Professor of Biology, University of St Andrews
Sir Ian Lamont Boyd FRSB FRSE is a Scottish zoologist, environmental and polar scientist, former Chief Scientific Adviser at the Department for Environment, Food and Rural Affairs (DEFRA) and is a professor of biology at the University of St Andrews. He is Chair of the UK Research Integrity Office.
His honours and awards recognising his contributions to science, including the Scientific Medal of the Zoological Society of London, the W. S. Bruce Medal for his research in Polar Science and has been elected as a Fellow of the Royal Society of Edinburgh, Scotland’s National Academy, and is a Fellow of the Royal Society of Biology. He has held an honorary professorship at the University of Birmingham and was awarded the Antarctic Service Medal of the United States in 1995. He led the Sea Mammal Research Unit at the University of St Andrews to the award of the Queen's Anniversary Prize in 2011. In 2017, he was awarded the Polar Medal and an honorary doctorate from the University of Exeter. He was knighted in the 2019 Birthday Honours for services to science and economics on food and the environment.
He has also authored about 200 research papers and books, many about environmental topics. He has been influential in using the population and behavioural dynamics of marine predators, including marine mammals, as indicators of underlying marine resource dynamics to help scope the appropriate levels of human exploitation. He has studied controversial issues in marine environmental science including the interactions between marine mammals and fisheries in the Southern Ocean, the Northern Gulf of Alaska and the effects of anthropogenic noise on marine organisms.
His research also aims to bridge the gap between economics and ecology. Traditionally, ecological economics has stressed the importance of natural resources for commerce and conservation. In fact it covers the whole range of subjects from bioenergetics through to resource exploitation by commercial interests. His research aims to apply theory developed within economics to understanding the criteria used by animals when making investment decisions and also the evolutionary implications of those decisions. It also tries to provide a better understanding of how we should place a value on natural resources (such as unexploited wildlife populations) which have no marketable value.
In a 2017 article in the journal Science, "Toward pesticidovigilance", he called for a new approach to the regulation of pesticides and he made further reference to pesticides in an explanation for the decision made by the UK government in April 2018 to support further restriction by the EU on neonicotinoid pesticides. He also published a recent article in Nature, "Taking the long view", which advocated taking a systems approach to understanding the problems which governments have to manage.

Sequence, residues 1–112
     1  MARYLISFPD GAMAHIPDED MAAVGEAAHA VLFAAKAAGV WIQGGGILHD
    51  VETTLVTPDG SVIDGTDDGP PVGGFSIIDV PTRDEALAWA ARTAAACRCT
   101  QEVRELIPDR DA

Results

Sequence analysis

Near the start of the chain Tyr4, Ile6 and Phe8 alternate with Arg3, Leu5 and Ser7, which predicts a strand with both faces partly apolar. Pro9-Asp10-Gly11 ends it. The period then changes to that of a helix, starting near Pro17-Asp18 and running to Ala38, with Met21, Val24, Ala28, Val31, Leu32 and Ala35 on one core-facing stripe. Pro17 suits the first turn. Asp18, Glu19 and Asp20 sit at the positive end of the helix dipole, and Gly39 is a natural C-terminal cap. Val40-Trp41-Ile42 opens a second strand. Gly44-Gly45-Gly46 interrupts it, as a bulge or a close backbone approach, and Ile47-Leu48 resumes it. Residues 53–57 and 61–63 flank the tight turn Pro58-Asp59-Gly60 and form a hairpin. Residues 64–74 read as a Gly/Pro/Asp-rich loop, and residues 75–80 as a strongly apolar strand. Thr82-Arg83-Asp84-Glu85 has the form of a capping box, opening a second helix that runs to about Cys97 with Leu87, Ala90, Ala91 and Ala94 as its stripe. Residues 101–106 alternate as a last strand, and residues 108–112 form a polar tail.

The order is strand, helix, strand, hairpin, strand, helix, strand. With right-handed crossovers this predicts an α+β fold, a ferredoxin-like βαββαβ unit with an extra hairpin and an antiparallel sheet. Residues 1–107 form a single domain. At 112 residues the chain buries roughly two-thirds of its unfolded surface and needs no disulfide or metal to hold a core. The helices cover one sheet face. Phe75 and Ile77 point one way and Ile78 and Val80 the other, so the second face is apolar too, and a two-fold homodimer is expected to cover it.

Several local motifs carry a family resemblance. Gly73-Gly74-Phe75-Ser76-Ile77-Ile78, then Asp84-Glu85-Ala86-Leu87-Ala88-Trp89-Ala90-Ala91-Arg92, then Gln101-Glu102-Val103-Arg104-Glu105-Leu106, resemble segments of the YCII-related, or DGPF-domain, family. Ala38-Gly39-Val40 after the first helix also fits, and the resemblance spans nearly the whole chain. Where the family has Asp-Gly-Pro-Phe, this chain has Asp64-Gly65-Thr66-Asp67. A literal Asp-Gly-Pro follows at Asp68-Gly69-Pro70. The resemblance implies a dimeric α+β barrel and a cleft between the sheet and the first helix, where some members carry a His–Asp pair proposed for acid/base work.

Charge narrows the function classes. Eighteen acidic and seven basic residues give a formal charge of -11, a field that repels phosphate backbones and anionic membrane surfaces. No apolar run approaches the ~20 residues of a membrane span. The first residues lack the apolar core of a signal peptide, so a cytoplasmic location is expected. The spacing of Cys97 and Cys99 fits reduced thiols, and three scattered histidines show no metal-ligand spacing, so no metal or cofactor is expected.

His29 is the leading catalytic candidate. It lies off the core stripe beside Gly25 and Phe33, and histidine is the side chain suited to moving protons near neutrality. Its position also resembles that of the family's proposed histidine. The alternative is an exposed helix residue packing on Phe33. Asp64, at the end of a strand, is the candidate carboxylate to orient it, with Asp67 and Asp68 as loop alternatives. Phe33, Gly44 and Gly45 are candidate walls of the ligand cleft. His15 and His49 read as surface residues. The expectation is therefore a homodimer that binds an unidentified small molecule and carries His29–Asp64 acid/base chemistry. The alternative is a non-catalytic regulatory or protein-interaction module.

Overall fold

In 2015, he wrote an oped in the New York Times titled "Our deadened, carbon soaked seas" with Rick Spinrad who was then the Chief Scientist at NOAA to draw attention to the dangers of ocean acidification. Also in 2015, he wrote an article on environmental forensics where he said "We breathe, eat and drink other people's pollution. The 'tragedy of the commons' has a powerful presence across the environment. It has proved difficult to design market solutions to deal with these issues of equity."
With co-author Sir Mark Walport he produced a report in 2017 on waste and resource productivity. When giving evidence to the UK Parliamentary Environment, Food and Rural Affairs Select Committee he said that it would be sensible to "bury plastic in landfill until science progresses" and that plastic waste should be stored in landfill sites until it can be mined. In 2018, also with Sir Mark Walport, he co-edited a UK Government Foresight report on the Future of the Sea.
He has also provided commentary on the use of data in government saying "Across government there may be just about as many definitions of data as there are people".
He is currently Chair of the UK Research Integrity Office and is a Trustee of the UK's National Oceanography Centre. He is has been a member of the Council of Management of the Hebridean Trust for over 20 years.
Around 20% of the UKs farms account for 80% of the countrys total food production, and they do this on about half of all the farmed land there is. At least 80% of farms in the UK dont produce very much at all. In...